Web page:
“Arcs and Circles”: Enter the Fertile Imagination of a Gardening Expert

Landscape artist Marc Peter Keane’s newest collection of essays, “Of Arcs and Circles,” vibrates with wisdom. His meandering ideas inspire frequent reading breaks for deeper contemplation, inducing an experience similar to walking around the “unbalanced” designs of his Japanese gardens.

Arcs and Circles, by Marc Peter Keane
180 pages

As a garden expert and writer living in Kyoto for over 20 years, Keane’s essays, like his design work, are deeply influenced by Japanese aesthetics. His words flow easily from metaphysical questioning to practical observations, with clear nods to the meandering structure of Japanese. zuhitsu personal essay form. “Of Arcs and Circles”, however, is not strictly for Japanophiles.

Even considering concepts such as wabi-sabi (imperfection) or void, Keane’s essays are based on his own experiences. His observations stem from his young adulthood in the United States, his many years in Japan as a specialist in Japanese garden design, and his home in Ithaca, New York. This mix of locations expands its ideas with a touch of relatability, even for readers unfamiliar with Japanese culture or the country.

Unlike many books detailing the “Japanese experience,” Keane does not seem concerned with imparting so-called Zen knowledge or delivering thinly veiled cultural diatribes. Instead, he plays with style and language to render a personal experience, record a moment, or divulge a thought to his readers. His book is a written version of the Japanese proverb “ichi-go ichi-e(“once, an encounter”), as each essay briefly welcomes us into the inner workings of its mind, a transient sense of connection to be cherished and reserved for future consideration.

Throughout the book, Keane deftly experiments with form. In the essay titled “Consolation for the Tumbling Mind”, Keane observes his thought process as he walks in nature. He oscillates between optimism and despair, noting that he is at first “carried away by thoughts of a life based on trust and holiness and respect for natural rhythms”, but then his mind becomes “hooked on the crusted edges of waste and callous indifference to the world we also embody. Avoiding any orderly conclusion, he leaves us with a symbol of humanity’s mark on the natural world, complicated and contradictory, as he describes approaching a polluted river. Although his original intention was to dispose of the rubbish, he discovers life among the litter – “a little fish lives in an empty tin can”. Keane is thus unable to disturb this ecosystem fragile created from our discarded waste.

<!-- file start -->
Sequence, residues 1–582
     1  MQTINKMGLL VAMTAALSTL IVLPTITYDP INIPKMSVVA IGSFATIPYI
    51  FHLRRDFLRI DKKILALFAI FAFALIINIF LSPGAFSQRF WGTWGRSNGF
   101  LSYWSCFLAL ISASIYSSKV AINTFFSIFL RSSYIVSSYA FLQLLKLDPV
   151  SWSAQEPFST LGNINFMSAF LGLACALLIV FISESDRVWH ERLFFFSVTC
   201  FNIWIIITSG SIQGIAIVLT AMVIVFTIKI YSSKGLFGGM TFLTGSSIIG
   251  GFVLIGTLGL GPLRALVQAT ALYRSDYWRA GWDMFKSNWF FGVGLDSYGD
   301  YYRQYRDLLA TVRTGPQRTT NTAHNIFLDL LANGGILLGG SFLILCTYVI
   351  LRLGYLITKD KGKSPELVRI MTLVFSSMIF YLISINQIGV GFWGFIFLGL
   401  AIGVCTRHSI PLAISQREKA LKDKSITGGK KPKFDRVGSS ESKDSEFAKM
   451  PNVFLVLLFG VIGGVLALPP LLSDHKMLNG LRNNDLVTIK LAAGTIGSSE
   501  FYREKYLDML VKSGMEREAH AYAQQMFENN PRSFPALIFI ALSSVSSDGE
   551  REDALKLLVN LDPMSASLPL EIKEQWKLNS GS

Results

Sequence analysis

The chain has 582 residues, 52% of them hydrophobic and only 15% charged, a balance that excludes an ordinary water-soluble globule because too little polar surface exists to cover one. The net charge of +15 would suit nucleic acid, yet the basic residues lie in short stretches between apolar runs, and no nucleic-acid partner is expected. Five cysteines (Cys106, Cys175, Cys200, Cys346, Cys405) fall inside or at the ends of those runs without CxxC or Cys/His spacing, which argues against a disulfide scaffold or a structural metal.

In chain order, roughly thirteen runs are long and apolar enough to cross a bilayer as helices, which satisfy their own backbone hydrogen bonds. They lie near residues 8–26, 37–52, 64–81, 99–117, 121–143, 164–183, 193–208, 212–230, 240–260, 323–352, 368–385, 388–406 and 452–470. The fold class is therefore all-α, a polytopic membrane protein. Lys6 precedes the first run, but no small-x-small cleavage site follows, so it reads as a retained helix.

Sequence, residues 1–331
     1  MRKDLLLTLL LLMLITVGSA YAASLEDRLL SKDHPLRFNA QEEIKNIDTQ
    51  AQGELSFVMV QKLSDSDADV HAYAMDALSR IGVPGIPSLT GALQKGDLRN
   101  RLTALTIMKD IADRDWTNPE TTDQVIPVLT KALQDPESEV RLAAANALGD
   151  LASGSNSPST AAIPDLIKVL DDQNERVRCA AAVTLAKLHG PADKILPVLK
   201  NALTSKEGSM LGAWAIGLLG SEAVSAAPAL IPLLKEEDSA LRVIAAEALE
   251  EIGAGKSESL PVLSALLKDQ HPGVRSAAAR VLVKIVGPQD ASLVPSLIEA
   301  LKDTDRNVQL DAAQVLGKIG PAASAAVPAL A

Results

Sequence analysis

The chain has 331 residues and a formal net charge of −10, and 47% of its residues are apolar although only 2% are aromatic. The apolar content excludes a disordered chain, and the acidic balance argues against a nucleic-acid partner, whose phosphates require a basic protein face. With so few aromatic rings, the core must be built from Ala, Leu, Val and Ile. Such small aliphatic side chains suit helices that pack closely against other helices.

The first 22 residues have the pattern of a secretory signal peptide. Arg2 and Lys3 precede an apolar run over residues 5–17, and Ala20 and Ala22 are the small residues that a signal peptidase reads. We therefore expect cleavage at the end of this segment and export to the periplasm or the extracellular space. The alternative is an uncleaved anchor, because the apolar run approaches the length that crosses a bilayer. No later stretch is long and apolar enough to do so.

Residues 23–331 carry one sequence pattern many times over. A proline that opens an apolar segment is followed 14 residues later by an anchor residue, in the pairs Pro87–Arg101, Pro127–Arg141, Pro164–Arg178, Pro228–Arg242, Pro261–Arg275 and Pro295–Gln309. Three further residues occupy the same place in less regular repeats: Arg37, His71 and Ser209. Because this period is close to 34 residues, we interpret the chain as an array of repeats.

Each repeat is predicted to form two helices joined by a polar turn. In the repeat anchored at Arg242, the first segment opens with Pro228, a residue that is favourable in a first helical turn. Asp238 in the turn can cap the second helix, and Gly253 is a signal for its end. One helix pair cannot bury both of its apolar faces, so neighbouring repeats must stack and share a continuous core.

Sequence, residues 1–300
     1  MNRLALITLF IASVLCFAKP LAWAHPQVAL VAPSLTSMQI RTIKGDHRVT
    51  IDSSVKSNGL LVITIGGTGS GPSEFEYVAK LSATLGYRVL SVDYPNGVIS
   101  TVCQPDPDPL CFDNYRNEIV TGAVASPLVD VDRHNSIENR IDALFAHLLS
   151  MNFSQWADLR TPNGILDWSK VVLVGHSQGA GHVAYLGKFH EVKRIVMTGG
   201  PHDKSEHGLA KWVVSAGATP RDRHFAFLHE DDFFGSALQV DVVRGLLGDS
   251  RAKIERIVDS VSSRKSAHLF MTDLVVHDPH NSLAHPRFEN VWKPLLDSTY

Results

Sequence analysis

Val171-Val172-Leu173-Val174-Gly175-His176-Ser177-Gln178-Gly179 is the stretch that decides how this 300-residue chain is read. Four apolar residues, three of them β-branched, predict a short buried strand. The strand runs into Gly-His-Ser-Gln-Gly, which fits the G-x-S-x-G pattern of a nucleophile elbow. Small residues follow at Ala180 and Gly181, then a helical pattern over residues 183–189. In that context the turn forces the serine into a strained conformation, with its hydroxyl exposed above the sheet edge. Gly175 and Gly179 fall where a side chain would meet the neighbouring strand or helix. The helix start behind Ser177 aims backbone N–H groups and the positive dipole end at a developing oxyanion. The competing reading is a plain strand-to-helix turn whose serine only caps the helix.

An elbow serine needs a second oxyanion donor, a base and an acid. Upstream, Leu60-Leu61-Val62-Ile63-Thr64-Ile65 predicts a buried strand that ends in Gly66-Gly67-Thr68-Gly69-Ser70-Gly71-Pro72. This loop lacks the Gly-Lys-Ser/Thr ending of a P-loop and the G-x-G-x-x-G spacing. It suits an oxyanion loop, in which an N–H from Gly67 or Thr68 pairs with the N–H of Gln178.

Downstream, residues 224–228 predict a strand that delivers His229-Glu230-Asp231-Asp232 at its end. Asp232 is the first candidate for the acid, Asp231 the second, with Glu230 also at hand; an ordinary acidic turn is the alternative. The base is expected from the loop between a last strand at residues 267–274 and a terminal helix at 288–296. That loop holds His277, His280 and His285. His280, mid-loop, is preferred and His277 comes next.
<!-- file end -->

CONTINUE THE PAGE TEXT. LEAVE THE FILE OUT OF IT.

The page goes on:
Each essay is an unexpected foray into Keane’s fertile imagination. In ‘Dream Garden’ he creates dreamscapes of an apocalyptic future to affirm the importance of beauty to engender hope, and in ‘The Last God’ he challenges the innate values ​​of humanity. , postulating the idea that “mutations and accidental events” quietly triumph over our gods of power and efficiency. “What does this say about our societies, which in many ways favor those people who do everything right when in truth so much of our progress is due to the accidental and the unforeseen? he writes.

Keane provides no conclusions, but with each carefully crafted essay, he leaves his readers a little changed.

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